Dawn M. Olson

Date of Award


Document Type


Degree Name

Doctor of Philosophy (PhD)


Teaching & Learning


The purpose of this research study was to investigate whether students at Valley City State University perceive that hybrid classes, as compared to the traditional face-to-face classes, improve their learning experience through the Seven Principles for Good Practice in Undergraduate Education by Chickering and Gamson. The objectives were to identify how students perceive hybrid classes, determine whether differences exist between male and female students in the perception of hybrid classes, determine if there is a relationship between the number of hybrid courses taken and perception of hybrid classes, and determine if differences exist between academic standing and perceptions of hybrid classes. A sample of 163 students was surveyed. Resulting data were analyzed utilizing frequency distributions, mean rank tables, percentages, crosstabulations, and Chi Square statistics.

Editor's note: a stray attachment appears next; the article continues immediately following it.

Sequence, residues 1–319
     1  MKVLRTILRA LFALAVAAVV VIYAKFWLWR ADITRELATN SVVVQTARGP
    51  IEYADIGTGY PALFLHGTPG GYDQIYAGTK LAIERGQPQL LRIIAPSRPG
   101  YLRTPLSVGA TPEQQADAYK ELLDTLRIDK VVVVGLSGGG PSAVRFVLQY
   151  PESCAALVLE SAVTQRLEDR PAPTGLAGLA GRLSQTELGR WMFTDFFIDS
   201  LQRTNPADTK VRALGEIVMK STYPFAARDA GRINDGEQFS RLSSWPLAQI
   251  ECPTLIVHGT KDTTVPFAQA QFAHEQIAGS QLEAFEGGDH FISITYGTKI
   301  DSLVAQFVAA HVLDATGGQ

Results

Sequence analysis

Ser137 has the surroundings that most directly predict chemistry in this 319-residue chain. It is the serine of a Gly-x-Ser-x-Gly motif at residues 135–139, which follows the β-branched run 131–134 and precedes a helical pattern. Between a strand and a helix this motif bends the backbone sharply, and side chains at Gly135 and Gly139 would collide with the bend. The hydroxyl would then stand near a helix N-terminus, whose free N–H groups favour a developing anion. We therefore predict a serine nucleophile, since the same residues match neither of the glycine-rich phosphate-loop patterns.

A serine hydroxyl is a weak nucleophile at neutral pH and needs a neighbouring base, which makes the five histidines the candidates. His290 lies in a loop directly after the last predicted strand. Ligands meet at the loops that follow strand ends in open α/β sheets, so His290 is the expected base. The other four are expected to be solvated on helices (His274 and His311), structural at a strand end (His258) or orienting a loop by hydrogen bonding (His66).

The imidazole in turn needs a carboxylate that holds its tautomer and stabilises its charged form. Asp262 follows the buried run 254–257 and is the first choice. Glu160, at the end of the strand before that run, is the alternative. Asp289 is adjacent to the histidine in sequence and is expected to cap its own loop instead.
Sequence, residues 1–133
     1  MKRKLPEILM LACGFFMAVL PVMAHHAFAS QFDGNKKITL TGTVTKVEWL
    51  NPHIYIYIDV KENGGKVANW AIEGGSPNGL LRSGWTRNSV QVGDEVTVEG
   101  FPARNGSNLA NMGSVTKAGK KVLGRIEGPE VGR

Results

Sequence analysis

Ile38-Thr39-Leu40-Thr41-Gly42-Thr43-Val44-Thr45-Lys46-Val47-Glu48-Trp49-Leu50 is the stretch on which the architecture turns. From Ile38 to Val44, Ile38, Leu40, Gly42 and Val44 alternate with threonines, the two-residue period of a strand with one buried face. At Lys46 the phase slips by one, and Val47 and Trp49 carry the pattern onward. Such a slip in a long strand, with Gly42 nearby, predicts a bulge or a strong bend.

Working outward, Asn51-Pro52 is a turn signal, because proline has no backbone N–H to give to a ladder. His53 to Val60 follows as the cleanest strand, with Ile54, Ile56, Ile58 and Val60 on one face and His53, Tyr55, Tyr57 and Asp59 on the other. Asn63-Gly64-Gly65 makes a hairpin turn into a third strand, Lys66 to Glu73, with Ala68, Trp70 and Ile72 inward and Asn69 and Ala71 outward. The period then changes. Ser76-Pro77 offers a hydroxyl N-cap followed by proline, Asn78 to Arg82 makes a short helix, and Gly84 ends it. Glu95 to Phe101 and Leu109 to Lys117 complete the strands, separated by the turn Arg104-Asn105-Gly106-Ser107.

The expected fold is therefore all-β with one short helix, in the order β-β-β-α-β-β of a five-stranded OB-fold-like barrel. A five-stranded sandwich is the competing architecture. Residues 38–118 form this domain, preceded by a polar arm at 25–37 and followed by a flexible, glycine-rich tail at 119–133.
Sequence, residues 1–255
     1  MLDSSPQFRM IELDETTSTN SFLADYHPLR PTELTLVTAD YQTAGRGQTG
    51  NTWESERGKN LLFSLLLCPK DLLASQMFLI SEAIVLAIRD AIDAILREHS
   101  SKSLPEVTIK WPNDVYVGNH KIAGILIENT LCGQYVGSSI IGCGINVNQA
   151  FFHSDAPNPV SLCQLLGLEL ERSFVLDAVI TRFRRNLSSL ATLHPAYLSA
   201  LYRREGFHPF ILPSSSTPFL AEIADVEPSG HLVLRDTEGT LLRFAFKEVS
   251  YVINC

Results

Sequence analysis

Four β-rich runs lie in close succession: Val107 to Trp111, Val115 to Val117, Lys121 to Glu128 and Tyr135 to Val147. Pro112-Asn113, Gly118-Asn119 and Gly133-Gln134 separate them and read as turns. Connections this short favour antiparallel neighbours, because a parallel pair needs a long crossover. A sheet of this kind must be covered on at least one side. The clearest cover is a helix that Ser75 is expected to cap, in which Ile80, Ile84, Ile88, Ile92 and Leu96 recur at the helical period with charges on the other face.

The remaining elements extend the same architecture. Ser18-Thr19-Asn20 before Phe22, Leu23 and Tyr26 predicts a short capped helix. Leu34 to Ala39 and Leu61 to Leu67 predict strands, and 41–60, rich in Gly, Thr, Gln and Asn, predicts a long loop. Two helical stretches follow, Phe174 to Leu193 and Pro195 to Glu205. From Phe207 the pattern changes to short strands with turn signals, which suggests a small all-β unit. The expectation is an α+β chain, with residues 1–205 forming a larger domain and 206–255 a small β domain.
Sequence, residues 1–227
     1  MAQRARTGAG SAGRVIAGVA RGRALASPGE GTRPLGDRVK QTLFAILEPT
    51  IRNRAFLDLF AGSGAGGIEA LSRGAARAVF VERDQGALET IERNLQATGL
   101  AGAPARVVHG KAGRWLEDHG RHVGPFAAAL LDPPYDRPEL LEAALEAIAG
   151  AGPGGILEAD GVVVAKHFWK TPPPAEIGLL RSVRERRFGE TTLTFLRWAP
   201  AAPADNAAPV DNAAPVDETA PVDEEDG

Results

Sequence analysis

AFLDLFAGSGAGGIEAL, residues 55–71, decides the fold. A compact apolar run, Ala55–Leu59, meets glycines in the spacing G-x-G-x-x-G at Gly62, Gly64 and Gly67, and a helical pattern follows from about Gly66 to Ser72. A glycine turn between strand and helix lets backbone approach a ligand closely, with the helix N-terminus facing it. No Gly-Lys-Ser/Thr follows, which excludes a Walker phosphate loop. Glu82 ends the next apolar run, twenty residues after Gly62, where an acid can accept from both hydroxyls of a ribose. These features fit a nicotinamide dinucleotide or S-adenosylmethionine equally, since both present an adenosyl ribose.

The majority of students who were surveyed for this study preferred hybrid classes to traditional face-to-face classes. The most prominent reasons were the students’ ability to complete coursework at their own convenience, the increased time for other activities, not having to physically meet all the time, the increased interaction with others, and the freedom that goes along with hybrid classes. Student responses were favorable toward hybrid courses and their learning experience. The hybrid course model enhanced the students’ learning experience through the increase in the amount and promptness of feedback between students and between students and the instructor. In addition, students developed more control and a sense of responsibility for their own learning.